Sleeping Beauty (1959)
Sleeping Beauty (1959)

Genre: Fairy Tale Running Time: 1 hr. 15 min.

Release Date: January 29th, 1959 MPAA Rating: Not Rated

Director: Clyde Geronimi Actors: Mary Costa, Bill Shirley, Eleanor Audley, Verna Felton, Taylor Holmes

 


 

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he ultimate traditionally-animated swords-and-sorcery film from Walt Disney, “Sleeping Beauty” brandishes gorgeous visuals, an amusing fantasy plot, and the unforgettable song “Once Upon A Dream.” Stylized, modernistic artwork by Eyvind Earle results in wondrous medieval backgrounds (photographed in 70mm widescreen) and a fresh new look for a feature cartoon, while villainess Maleficent sets a high bar for frightening antagonists, Disney or otherwise. It’s well-crafted and smartly paced, arriving during a streak of true winners in the fairy tale field, following the acclaimed likes of “Alice in Wonderland” (1951), “Peter Pan” (1953), and “Lady and the Tramp” (1955).

Having longed for a child for some time, King Stefan and his queen are finally granted a baby girl, Aurora. Three good fairies – Fauna (Barbara Jo Allen), Flora (Verna Felton), and Merryweather (Barbara Luddy) – are each able to grant the newborn a single wish (the first two being beauty and the gift of song). But just as Merryweather is about to bestow her enchantment, the fearsome Maleficent (Eleanor Audley), an outcast evil sorceress ostensibly resentful at not receiving an invitation to the ceremony, condemns the child with a terrifying curse: on her sixteenth birthday, Aurora will prick her finger on a spinning wheel and die. As Maleficent vanishes in a flurry of smoke, Merryweather attempts to undo some of the damage by using her lone magical present to change the curse of death to sleep, which can in turn be broken by true love’s kiss.

Although the King commands all spinning wheels to be burned, Aurora is still not safe. The three fairies convince Stefan to let them raise the child in an isolated cottage in the forest, hoping that that will be enough to keep her out of sight from the Argus-eyed Maleficent and her minions. And so, using the name Briar Rose, Aurora is kept safe for sixteen years, looked after by the trio of sprites under the disguises of peasant women. But when the time comes for Aurora to return to the kingdom to fulfill her betrothal to Prince Phillip (Bill Shirley), old dangers resurface and new ones await.

Several of the plot elements are decidedly goofy – the three fays have limitless powers as demonstrated countless times in their aiding of Phillip, yet they are unable to counter Maleficent’s spell. They can put an entire castle to sleep, arm Phillip with magical weapons of righteousness, change arrows to flowers, and transform searing tar into a rainbow – but are helpless when it comes to actually lifting or usefully altering a simple curse. 15th century fairies they are not. However, the chivalry and adventure are routinely superb, counteracting the story devices that don’t add up and matching the classical musical orchestrations quite nicely. Based on Tchaikovsky’s “Sleeping Beauty” ballet, the stereophonic soundtrack is utterly mesmerizing – with the main song “Once Upon A Dream” catapulting the production to one of Disney’s greatest.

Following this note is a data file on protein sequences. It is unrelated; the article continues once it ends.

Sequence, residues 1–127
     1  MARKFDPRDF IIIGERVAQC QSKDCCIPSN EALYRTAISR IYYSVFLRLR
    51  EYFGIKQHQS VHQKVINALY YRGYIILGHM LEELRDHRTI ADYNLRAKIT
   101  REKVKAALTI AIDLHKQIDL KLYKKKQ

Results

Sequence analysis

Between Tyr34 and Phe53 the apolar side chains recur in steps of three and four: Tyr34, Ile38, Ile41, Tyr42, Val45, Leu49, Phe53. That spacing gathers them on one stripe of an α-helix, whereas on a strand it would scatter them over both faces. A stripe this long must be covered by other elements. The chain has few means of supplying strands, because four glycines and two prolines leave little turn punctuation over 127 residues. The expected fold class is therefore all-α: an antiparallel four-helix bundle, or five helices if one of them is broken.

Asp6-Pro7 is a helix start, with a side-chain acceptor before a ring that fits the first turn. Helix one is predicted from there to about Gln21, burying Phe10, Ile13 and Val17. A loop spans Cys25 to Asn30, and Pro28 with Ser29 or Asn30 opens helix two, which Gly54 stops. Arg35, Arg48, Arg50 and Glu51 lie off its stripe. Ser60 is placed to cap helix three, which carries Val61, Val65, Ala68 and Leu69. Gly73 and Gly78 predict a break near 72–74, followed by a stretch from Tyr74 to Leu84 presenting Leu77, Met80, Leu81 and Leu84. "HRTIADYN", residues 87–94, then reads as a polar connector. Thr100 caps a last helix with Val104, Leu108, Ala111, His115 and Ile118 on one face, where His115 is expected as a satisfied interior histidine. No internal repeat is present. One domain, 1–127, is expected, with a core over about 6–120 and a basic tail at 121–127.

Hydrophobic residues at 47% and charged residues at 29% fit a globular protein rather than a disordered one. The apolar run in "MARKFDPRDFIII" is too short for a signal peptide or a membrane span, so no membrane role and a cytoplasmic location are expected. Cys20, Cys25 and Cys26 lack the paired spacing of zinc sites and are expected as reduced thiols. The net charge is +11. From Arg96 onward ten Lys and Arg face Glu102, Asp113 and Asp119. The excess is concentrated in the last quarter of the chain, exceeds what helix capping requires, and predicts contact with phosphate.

On the artistic front, shadows have become significantly better and details more noticeable; the illustrations in “Sleeping Beauty” top nearly everything preceding it. Maleficent’s menacing black dragon is breathtaking (the climactic battle is one of the best action sequences of any animated feature) and the movements of the human characters are entirely convincing – thanks to extensive live-action reference footage. But perhaps most impressive of all is the dark witch’s design and scripting – she’s unlike any Disney antagonist before her. She moves calmly and assuredly, laughs wickedly at the horror she causes, and even goes so far as to mentally torture Phillip in her dungeon. This is a baddie devised to effectively scare young children – and one that many later villainesses would aspire to equal, including in Disney’s own subsequent productions (such as “101 Dalmatians,” “The Rescuers,” and “The Little Mermaid”).

– Mike Massie

  • 9/10